Dr. Wilson Fallin Jr. Lecture Series begins with Dr. Bernice A. King

The University of Montevallo hosted Dr. Bernice A. King as the keynote speaker in a series of lectures launched on October 7 at the newly constructed Arts Center on campus.

In May, the Board of Directors established the Dr. Wilson Fallin Jr. Lecture Series in honor of the history professor skilled’ dedication to civic rights, social justice and higher education. Fallin is a University of Montevallo alumnus who has served the University and the community for over 28 years. He received his BA from Morehouse College, his M.Div. from Colgate Rochester Divinity School, his masters from the University of Montevallo and his doctorate. from the University of Alabama. The evening began with an introduction from Dr Gregory Samuels, the University’s Head of Diversity and Inclusion and Associate Professor of Secondary Education, who challenged participants to be guided by the light and the ‘love.

Dr. Lolita Kincade, Assistant Professor of Human Development, Family Studies and Counseling at the University, moderated a panel discussion featuring King, which touched on several topics including when she first realized that she was called to become a preacher like her father, Dr. Martin. Luther King Jr. King spoke of being barely five when his father was murdered. She later recalled hearing an inner voice at the age of 16 telling her that she would one day become a preacher like her father.

“I was taught a lot of things growing up about love and forgiveness,” King said. “My mother was instrumental in her positive influence in my life. I believe children need to see their parents embody what they teach, and my mom played a big part in my life because she was so good at it.

King is now a speaker, peace advocate, and CEO of the Martin Luther King Jr. Center for Nonviolent Social Change, also known as the King Center.

She explained how her father was aligned with truth and righteousness, and how she strives to understand the worth of every human being.

“We want to make decisions that stem from a desire to want the best for everyone,” King said. “People often tap into what’s comfortable, but not always what’s right. “

Addressing social justice, King said justice will prevail as long as people work for and align with it. “We are not the first generation to suffer injustice, and we will not be the last,” King said. “The darkest hour is always before dawn. We might have a dark hour, but we’ll have a dawn.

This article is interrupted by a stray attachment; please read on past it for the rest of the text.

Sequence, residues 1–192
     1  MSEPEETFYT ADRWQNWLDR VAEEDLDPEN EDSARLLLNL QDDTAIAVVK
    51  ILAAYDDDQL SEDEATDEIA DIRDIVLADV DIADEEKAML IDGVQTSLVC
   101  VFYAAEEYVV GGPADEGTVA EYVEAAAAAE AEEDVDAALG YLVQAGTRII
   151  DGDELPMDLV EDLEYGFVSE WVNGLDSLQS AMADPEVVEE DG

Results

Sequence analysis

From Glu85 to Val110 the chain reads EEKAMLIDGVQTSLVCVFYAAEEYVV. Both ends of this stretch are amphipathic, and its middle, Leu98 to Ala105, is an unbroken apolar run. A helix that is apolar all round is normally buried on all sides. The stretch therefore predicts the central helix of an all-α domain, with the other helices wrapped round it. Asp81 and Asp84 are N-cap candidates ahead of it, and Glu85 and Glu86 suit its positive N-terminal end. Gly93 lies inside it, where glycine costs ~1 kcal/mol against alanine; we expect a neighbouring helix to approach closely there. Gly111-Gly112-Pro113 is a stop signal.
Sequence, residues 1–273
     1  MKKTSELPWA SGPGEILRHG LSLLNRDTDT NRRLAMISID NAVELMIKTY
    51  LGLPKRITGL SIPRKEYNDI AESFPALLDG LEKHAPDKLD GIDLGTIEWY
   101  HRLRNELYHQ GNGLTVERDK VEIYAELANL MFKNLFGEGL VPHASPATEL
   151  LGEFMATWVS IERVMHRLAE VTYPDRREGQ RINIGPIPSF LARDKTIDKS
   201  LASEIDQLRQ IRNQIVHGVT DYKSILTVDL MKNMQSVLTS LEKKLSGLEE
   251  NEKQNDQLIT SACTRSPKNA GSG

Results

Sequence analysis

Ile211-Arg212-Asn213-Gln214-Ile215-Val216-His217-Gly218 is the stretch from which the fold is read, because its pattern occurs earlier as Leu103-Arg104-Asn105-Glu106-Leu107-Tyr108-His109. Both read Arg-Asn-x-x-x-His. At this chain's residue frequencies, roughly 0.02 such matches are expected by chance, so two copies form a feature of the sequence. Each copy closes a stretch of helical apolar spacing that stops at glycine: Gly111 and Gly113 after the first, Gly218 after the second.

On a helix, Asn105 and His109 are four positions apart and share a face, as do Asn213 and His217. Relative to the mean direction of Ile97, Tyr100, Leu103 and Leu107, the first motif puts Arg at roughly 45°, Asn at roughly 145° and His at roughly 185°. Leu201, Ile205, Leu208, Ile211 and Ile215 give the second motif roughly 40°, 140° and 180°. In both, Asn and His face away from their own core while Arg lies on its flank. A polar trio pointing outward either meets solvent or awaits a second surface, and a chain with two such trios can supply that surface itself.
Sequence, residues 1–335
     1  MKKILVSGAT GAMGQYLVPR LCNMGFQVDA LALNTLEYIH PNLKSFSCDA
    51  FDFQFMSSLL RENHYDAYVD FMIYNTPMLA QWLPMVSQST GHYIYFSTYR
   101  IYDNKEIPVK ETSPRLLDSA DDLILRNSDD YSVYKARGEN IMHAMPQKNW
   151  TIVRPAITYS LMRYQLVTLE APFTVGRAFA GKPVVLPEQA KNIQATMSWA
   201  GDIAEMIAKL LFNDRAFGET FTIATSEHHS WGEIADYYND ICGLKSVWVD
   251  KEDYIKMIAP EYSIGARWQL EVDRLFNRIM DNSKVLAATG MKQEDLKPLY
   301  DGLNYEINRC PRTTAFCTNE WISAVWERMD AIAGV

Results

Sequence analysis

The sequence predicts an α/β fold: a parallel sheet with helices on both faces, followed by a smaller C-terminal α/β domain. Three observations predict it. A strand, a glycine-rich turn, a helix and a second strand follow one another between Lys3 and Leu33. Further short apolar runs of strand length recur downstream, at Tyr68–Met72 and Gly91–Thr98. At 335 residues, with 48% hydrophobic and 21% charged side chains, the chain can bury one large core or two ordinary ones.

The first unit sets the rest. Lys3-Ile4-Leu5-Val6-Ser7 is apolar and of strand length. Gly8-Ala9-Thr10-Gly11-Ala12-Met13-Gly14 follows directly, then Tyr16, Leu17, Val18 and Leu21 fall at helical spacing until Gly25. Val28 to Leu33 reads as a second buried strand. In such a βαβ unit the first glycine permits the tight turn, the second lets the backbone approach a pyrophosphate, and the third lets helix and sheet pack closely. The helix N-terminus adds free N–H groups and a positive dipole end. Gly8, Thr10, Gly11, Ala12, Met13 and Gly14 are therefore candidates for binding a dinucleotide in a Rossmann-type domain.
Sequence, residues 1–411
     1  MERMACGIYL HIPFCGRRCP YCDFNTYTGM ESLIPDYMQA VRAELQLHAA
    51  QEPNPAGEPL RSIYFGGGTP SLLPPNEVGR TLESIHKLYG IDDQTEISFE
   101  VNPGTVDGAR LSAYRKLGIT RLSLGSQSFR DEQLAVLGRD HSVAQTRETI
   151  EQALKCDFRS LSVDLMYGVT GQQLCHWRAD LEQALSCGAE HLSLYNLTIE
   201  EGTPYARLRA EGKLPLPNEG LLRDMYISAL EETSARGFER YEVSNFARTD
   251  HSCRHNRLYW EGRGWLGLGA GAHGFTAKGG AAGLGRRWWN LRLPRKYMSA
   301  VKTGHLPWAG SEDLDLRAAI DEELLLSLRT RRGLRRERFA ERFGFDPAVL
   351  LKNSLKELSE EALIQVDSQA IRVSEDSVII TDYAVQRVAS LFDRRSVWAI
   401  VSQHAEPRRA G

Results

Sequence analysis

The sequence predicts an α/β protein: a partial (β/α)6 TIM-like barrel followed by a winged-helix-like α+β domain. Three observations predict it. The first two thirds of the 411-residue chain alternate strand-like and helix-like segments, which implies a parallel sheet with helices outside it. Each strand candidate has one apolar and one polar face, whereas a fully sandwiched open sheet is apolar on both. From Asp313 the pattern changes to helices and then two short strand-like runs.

King said that with the social challenges the country faces, she tries to help people understand that everyone is part of a family.

“I like that people think of themselves as more than just an ally, because an ally means that I am helping you solve your problem,” King said. “It is not a black problem but a problem of humanity, a problem of ailing society; white supremacy and racism run deep around the world. It is a disease that we face from generation to generation, but nevertheless we are part of each other, of the human family. But we must fight together against racism and structural racism, institutional racism. It is first and foremost a change in mentality.

After the moderated session, Fallin said he was honored to have King speak at the inaugural conference. He recalled a time when Dr. Martin Luther King Jr. had asked to use Fallin’s Church in Bessemer as a gathering place for individuals before King’s march on Washington. “It really means a lot to me that Dr. Bernice King is coming to speak,” Fallin said. “She carries a wonderful heritage.”

The Dr. Wilson Fallin, Jr. lecture series, established by the University’s Black Heritage Committee, highlights educational and socio-cultural topics related to African American heritage, social justice, and racial justice.

Upcoming lectures will feature a nationally recognized expert in these fields and engage students in topics and investigations on societal and educational issues. The lecture series has been recognized by the Alabama Legislature for its significance.

After the moderated session, a book signing and reception was held in the lobby of the Arts Center. The evening ended with a MADE (Minorities Achieving Dreams of Excellence) student reception hosted by Josiah Garrett, Black Heritage Committee student representative, at the Meadows Black Box Theater.

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